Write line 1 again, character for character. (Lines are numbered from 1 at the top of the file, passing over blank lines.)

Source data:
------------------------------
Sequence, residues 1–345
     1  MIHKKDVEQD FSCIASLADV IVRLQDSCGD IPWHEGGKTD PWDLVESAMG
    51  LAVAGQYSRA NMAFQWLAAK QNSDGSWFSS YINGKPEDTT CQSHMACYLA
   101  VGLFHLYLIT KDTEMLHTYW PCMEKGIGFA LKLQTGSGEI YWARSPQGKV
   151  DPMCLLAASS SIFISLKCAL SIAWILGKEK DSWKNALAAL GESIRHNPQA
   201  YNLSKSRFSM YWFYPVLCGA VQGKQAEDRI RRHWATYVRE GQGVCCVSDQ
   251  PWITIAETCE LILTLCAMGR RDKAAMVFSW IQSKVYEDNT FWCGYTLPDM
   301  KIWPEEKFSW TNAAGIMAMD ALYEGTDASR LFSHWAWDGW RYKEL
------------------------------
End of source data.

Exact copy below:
Sequence, residues 1–345